* * *

Here’s a better vision of real world math.

Dan Meyer is a former teacher, now doctoral fellow at Stanford working on curriculum design. You can check out his TED talk, but I’ll summarize. Dan’s trying to recontextualize mathematics by using videos and photos of REAL scenarios – the kind you can actually see.

Here’s a classic problem, revamped and improved.

You show that, and then ask the students what they’re wondering. “Does it go in?” perhaps. You can read all about Dan’s “three acts of a mathematical story” here, but act one should grab hold of the audience with something truly compelling. I’m all about that, for sure, but let me be critical.

Sometimes I get the feeling that Dan is close to merely repackaging the same old product in a more exciting way. I applaud his work and effort, but this is still pretty dull. Dan’s stuff is distinct from that textbook cover in two ways; It’s authentic, and it’s actually compelling (though not always and not for everyone). Furthermore, lots of teachers simply must teach this stuff, by law, so I’m extremely happy that he’s helping them do that, but the “math makeover” we need is about much more than repackaging.

It’s about the mathematical process (Dan gets this), and it’s about student interest and their questions. I get the sense that Dan only kind of gets this one, because the videos speak so directly towards one or perhaps a few very specific questions.  I try, instead, to bring students to mathematically rich and accessible environments, in which an abundance of questions can be pursued along various routes. This helps students develop the mathematical instincts already within them, on whatever terms they can negotiate.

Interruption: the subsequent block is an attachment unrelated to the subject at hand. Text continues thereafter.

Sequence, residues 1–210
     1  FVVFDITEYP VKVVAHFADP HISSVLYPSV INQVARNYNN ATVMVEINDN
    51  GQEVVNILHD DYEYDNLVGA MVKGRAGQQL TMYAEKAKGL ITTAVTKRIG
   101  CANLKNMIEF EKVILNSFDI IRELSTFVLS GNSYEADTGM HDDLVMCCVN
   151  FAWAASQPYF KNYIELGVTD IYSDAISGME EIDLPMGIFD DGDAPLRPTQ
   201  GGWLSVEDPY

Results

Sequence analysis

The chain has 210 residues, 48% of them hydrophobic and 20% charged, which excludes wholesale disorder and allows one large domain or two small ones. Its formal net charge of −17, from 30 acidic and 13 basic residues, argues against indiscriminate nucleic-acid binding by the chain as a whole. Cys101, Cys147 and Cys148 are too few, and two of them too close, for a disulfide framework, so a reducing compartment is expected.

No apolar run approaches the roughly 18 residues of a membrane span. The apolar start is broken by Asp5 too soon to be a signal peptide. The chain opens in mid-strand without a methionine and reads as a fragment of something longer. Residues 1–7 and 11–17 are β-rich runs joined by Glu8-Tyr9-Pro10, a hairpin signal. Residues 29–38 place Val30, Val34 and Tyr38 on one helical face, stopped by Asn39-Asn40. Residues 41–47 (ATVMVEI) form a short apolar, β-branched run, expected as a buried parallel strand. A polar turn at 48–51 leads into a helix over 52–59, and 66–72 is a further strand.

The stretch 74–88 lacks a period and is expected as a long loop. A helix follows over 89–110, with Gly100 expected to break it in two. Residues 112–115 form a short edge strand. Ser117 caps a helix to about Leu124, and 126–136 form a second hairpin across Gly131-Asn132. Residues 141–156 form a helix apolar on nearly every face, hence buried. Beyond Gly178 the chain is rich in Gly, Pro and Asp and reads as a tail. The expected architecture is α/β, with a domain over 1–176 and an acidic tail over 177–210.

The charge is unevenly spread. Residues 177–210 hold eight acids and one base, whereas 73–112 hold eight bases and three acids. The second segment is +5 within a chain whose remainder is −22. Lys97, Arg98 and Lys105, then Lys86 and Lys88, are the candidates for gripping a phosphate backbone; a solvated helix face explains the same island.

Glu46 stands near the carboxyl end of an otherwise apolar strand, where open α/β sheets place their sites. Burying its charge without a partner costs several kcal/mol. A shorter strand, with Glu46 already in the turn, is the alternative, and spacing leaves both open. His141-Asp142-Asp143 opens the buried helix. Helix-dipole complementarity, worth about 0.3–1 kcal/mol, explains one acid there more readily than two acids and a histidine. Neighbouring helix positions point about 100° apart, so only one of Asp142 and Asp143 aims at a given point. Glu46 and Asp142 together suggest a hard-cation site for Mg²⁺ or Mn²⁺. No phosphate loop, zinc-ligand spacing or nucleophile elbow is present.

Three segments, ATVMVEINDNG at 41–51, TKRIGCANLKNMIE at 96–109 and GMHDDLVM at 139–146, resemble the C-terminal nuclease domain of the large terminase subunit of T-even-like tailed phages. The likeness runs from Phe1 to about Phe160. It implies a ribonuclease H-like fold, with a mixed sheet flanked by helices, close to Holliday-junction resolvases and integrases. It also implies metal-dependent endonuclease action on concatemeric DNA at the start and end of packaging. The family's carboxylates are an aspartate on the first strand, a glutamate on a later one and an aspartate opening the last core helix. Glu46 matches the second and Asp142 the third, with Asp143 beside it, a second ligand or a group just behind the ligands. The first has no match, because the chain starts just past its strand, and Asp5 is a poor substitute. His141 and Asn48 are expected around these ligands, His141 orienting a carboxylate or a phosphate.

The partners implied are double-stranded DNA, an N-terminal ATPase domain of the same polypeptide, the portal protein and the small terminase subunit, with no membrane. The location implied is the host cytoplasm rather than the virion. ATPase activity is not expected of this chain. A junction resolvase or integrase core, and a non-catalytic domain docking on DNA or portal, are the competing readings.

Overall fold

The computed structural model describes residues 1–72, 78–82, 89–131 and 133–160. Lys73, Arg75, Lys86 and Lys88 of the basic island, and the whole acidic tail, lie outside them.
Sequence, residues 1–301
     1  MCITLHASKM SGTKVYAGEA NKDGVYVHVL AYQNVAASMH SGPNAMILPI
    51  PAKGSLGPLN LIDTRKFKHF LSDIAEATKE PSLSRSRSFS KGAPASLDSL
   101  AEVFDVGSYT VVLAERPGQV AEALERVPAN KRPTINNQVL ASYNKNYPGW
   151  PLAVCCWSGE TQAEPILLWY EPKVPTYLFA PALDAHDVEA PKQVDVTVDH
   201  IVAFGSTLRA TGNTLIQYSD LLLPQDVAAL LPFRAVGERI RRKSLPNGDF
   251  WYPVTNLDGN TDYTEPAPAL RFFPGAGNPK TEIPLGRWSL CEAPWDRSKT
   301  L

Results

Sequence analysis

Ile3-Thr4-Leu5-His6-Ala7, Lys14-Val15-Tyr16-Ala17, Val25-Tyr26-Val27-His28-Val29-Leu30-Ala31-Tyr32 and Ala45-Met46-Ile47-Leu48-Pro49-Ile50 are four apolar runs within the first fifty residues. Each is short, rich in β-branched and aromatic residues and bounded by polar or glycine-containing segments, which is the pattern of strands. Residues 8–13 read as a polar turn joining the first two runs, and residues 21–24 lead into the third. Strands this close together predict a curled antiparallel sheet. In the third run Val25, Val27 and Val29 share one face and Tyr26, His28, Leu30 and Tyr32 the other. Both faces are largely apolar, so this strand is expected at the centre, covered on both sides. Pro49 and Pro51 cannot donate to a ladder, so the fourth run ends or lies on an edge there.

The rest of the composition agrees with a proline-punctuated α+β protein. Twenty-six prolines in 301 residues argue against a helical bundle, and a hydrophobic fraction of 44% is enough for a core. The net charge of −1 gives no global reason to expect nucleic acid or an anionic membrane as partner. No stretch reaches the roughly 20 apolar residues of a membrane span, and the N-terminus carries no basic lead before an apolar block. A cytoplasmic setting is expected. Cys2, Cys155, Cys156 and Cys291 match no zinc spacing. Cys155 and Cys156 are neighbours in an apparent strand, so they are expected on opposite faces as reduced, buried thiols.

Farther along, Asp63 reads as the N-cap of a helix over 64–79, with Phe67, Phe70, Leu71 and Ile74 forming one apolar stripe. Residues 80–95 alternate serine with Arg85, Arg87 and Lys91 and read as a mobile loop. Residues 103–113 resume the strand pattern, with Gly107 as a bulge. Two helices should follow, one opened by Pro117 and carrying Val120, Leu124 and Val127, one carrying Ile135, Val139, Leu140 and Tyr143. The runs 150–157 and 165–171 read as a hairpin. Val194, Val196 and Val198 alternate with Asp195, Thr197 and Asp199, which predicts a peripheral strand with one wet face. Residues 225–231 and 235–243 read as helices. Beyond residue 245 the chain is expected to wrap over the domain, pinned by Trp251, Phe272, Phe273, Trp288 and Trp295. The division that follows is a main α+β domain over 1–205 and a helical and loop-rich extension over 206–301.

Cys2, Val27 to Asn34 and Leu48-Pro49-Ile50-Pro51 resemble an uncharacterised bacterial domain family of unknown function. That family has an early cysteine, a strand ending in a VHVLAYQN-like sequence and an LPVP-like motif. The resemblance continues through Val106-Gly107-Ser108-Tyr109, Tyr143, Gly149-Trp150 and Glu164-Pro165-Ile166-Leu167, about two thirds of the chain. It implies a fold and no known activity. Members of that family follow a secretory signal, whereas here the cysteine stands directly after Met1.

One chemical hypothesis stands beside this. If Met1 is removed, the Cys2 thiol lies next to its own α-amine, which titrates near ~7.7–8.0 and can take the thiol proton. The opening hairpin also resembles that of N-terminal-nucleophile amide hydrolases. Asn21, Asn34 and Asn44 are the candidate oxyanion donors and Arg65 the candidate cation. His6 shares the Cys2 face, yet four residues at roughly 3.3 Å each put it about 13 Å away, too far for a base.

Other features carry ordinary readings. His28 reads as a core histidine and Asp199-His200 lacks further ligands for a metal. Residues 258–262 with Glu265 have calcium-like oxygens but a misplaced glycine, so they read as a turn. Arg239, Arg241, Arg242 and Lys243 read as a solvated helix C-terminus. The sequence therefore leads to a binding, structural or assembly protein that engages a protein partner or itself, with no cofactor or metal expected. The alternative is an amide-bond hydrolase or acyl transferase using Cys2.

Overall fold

* * *

But here’s what rocks about Dan Meyer and what I think “real world math” really is.

Dan is a very passionate mathematician, and he is sharing compelling math, directly from his own experience.  Seeing math in the world is something he actually does, and to share that with students is to help them do it themselves. If my kid were in his class (not that I have one), I would be thrilled that he got to learn from a passionate and empowered math nerd.

That’s what’s real about math in this world.  There are real human beings, called “mathematicians,” that spend a considerable portion of their time engaged in mathematical thought – asking questions, answering them, revising, explaining, sharing, tinkering, analyzing, wondering, dreaming, playing, failing, succeeding, and on and on.  This is what I want to share with students. Math is something that people do, including me, and it is something that they can do as well.